DEP update on Zika surveillance and response - The Pennsylvania Department of Environmental Protection has released results of surveillance for Aedes mosquitoes, which have been found to be vectors of the Zika virus. At this time, there have not been any causes of Zika transmitted locally in Pennsylvania, nor have mosquitoes tested positive for the virus. To read the Zika Response Plan click here


New Mosquito collections throughout York County test positive for West Nile Virus - Positive samples were collected in the Dillsburg Borough. All residents, businesses, developers, farmers and municipalities need to be responsible and clean up to help eliminate mosquitoes. Please inspect your property for sources of stagnant water that can collect in tarps, tires, buckets, construction debris, trash, pools, plastic toys, gutters, watering troughs and birdbaths. Eliminating these sources of stagnant water is the best method to reduce mosquito populations that can transmit West Nile Virus. Additional sources fro breeding mosquitoes can be rain barrels and ornamental ponds. Rain barrels need to be completely screened. Ornamental ponds and fountains need to be stocked with fish or treated with a bacterial larvicide available at most hardware stores. For more information about reducing mosquitoes in York COunty, call the Penn State Cooperative Extension-York County West nIle Virus Program office at 717-840-2375. For more information about West Nile Virus symptoms in humans, contact the Department of Health at 1-877-PA-HEALTH, or visit the PA State West Nile web site at


Commuter Services Offers Solutions for High Gas Prices

Check out or call toll-free 1-866-579-RIDE for information on commuting options including transit, carpools, vanpools, telecommuting, special work shifts, biking or walking.

On-line there is a calculator to show how much your commute costs now and a confidential, ridematching database with thousands of local commuters seeking people to share rides to work.   Commuter Services also reimburses commuters using options for rides home in case of family emergencies.

Services are free because they are underwritten with federal Congestion Mitigation & Air Quality funds.  The program is open to employers and the more than 800,000 commuters in Adams, Cumberland, Dauphin, Lancaster, Lebanon, Perry and York counties.  




The York County Conservation District is committed to improving and protecting our environment and wise use of our County's diverse natural resources. The Conservation District is dedicating 100% of all rain barrel profits to the HELP-Stream Program. Rainwater Conservation Barrels are constructed of high density polyethylene (HDPE) the 60 ($125) and 80 ($145) gallon rain barrels work under any size downspouts. A perforated entry screen cover allows quick rain entry and prevents insects from entering the barrel. A solid brass spigot attached easily to your garden or soaker hoses. Order by check or credit card. For order blank click here.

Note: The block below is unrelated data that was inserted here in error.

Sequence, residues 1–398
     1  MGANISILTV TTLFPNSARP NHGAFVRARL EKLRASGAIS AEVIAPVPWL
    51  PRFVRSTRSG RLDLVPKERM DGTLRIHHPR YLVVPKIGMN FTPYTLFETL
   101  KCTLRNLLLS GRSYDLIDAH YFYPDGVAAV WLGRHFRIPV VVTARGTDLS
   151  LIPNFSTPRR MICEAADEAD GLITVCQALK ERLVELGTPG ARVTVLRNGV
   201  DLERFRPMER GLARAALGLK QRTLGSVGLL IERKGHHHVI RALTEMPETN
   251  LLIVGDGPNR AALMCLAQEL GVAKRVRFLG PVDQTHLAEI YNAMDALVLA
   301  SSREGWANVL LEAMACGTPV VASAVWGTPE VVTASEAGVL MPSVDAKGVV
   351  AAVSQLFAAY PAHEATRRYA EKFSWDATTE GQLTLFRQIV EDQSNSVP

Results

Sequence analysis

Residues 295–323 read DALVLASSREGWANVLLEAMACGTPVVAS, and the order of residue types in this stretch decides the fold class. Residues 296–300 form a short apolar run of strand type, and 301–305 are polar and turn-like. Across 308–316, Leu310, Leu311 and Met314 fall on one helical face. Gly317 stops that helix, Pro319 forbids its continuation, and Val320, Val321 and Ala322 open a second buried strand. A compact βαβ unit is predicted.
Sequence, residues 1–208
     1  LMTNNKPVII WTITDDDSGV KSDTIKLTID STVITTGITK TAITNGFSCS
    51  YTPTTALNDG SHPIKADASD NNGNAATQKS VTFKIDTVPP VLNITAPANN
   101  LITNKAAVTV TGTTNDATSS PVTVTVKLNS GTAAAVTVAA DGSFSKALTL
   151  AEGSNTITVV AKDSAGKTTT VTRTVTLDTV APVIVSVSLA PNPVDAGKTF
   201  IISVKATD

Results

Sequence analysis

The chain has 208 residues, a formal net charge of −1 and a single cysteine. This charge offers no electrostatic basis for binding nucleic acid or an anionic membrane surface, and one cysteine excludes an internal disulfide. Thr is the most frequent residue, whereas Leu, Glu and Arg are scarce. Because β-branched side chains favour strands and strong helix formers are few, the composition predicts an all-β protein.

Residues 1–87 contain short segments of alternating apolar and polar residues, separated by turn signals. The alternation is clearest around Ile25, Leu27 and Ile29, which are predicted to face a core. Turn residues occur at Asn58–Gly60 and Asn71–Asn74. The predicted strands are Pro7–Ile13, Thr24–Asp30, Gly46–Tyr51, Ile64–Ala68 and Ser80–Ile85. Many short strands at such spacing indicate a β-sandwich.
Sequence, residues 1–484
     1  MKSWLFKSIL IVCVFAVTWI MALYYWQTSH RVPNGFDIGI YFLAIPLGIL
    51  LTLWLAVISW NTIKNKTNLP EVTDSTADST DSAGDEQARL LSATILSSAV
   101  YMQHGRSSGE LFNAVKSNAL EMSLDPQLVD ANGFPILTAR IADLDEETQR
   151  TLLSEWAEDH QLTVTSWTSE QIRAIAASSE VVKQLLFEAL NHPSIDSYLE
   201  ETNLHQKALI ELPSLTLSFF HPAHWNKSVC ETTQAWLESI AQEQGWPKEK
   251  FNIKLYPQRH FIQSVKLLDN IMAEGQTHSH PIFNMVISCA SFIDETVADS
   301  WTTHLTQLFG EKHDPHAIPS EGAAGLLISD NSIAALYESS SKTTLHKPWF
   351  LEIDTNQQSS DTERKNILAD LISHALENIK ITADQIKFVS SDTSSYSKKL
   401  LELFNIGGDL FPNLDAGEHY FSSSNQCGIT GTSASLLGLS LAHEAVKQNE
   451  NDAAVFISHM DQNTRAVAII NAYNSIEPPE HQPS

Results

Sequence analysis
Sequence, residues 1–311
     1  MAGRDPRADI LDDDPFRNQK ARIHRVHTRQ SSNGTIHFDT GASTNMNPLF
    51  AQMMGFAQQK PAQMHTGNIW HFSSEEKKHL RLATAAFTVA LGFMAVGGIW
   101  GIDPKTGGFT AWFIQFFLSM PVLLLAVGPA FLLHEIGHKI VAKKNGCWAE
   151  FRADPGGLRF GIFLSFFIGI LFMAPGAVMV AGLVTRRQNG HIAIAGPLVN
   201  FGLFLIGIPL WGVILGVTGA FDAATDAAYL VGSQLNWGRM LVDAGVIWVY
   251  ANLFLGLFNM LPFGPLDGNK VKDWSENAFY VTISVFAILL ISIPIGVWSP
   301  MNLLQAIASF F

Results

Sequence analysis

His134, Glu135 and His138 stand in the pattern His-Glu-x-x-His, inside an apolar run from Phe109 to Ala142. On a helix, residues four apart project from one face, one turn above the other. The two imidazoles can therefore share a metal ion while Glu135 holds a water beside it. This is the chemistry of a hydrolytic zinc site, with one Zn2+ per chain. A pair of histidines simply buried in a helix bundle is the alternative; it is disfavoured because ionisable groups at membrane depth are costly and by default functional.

-The Asian Tiger Mosquito, a black mosquito with striking white markings on the body and legs. It is a very aggressive, daytime biter and human blood is preferred but will feed on other mammals and birds. It likes to hangout anywhere cool and shady. Ivy, azaleas, bushes and other shrubs are its favorite resting places. For more information click on this link.

-The Emerald Ash Borer, a beetle native to Asia, is responsible for the loss of more that 7 million ash trees since first being detected in Michigan in 2002. It is known to infest all species of ash which can be recognized by the presence of compound leaves which are arranged opposite of one another on the branches. The Pennsylvania Dept. of Agriculture warns everyone to: Use local firewood; do not bring firewood from home to another area; if you have already transported firewood, do not take it home, do not leave it - BURN IT. For more information go to and search on Emerald Ash Borer.

- Phone books can be placed in with your recycling items

-It is it unlawful to burn within the Borough. The Information Guide was compiled on October 25, 2005 and the Burning Ban went into effect on May 1, 2006.

Pennsylvania Emergency Management Agency (PEMA) encourages all Pennsylvanians to be prepared in the event of a hurricane this season. "Since flooding has prompted a presidential disaster declaration in Pennsylvania in each of the past four years, it is essential to recognize the risk that floods pose to residents living in flood-prone areas, and to prepare yourself for the devastation flooding and other severe weather can bring," PEMA Director James R. Joseph said. To learn more, go to their web site at
There you will find useful information for planning for disasters, etc.


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